George Wallace’s daughter lives in shadow of his segregationist standtags: civil rights, AP, segregation, Alabama, George Wallace
For 50 years Peggy Wallace Kennedy has lived in the shadow cast by her father, Alabama Gov. George C. Wallace, when he stood in a doorway and tried to stop two black students from integrating the University of Alabama.
That single episode in the American civil rights movement — his infamous “stand in the schoolhouse door” — attached an asterisk to her name, she says. It’s a permanent mark she can never erase, despite her own history as a moderate Democrat who gave early support to candidate Barack Obama for president in 2008.
“If you’re George Wallace’s daughter, people think the asterisk will always be there. ‘Oh, your father stood in the schoolhouse door,’” she said in a recent interview.
Kennedy was just 13 at the time. Her mother, Lurleen Wallace, had whisked her away to a lake fishing cabin with her three siblings that day, so they would be nowhere near the wrenching historic drama in which her father played a leading role....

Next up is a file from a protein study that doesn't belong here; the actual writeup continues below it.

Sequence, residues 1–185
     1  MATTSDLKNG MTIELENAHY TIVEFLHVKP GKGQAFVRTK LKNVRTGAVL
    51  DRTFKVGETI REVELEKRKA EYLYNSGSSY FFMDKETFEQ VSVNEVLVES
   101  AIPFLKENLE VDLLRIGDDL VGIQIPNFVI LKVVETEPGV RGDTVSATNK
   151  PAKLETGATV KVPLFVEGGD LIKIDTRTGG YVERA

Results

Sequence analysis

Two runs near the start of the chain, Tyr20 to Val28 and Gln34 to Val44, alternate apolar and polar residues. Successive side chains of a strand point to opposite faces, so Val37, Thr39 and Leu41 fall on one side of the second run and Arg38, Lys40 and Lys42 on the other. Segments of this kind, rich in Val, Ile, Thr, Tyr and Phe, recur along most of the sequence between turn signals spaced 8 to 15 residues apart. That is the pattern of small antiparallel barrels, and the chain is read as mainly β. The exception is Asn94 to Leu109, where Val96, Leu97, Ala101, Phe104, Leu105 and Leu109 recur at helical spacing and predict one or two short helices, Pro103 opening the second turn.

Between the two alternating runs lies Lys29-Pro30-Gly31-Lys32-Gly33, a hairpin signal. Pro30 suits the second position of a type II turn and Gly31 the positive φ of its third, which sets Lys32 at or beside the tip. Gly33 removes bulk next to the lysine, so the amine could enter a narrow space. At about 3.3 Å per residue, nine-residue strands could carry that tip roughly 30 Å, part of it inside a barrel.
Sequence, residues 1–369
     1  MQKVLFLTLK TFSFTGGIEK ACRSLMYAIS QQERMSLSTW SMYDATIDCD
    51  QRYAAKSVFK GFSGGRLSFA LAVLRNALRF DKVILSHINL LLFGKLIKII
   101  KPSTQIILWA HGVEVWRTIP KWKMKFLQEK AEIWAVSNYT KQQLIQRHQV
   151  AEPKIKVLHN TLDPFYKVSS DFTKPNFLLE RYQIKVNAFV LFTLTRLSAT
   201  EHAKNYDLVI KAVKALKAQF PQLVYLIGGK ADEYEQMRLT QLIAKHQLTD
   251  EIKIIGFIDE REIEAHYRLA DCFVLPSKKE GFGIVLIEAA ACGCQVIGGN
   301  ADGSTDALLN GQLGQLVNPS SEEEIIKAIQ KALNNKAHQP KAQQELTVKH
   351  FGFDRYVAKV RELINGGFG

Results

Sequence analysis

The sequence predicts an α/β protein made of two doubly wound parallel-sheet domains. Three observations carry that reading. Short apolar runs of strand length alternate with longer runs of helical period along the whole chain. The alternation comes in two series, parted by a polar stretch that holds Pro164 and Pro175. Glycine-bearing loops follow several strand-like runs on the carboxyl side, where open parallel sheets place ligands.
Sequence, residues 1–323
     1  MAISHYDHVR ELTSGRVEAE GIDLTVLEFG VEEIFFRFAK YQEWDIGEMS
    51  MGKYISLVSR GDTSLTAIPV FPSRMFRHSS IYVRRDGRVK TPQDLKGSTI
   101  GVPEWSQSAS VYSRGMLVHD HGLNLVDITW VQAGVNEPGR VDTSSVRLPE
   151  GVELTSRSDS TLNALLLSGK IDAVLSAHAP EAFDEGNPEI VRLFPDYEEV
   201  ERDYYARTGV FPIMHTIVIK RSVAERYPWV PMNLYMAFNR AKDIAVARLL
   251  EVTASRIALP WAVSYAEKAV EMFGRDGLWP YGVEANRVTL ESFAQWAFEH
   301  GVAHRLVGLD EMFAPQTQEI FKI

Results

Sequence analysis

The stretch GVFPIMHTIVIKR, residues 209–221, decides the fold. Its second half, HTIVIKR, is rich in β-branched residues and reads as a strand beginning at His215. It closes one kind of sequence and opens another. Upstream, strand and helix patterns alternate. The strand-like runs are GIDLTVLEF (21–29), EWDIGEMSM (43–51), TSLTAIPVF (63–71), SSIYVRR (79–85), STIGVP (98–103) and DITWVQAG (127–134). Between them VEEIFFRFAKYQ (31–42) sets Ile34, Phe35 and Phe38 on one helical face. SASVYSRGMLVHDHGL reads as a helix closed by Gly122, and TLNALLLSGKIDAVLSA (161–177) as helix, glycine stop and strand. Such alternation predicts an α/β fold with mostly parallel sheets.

comments powered by Disqus
- Shipwreck Found Under World Trade Center Traced Back To Colonial Era Philadelphia
- Bob Dallek in the NYT gives a rave review of John Dean's history of Watergate cover-up
- Ex-President George W. Bush Authors Book About His Father
- Tears, and Anger, as Militants Destroy Iraq City’s Relics
- Europe notes 100th anniversary of World War I
- Rick Perlstein: “Ronald Reagan absolved America almost in a priestly role not to have to contend with sin. The consequences are all around us today”
- History wars are raging in East Asia
- Round 2: It's Benny Morris vs. Martin Kramer ... Was there a massacre in 1948 in Lydda?
- World War I Anniversary: Five Historians, Two Questions
- While French historians take a common view of WW I, British and German don't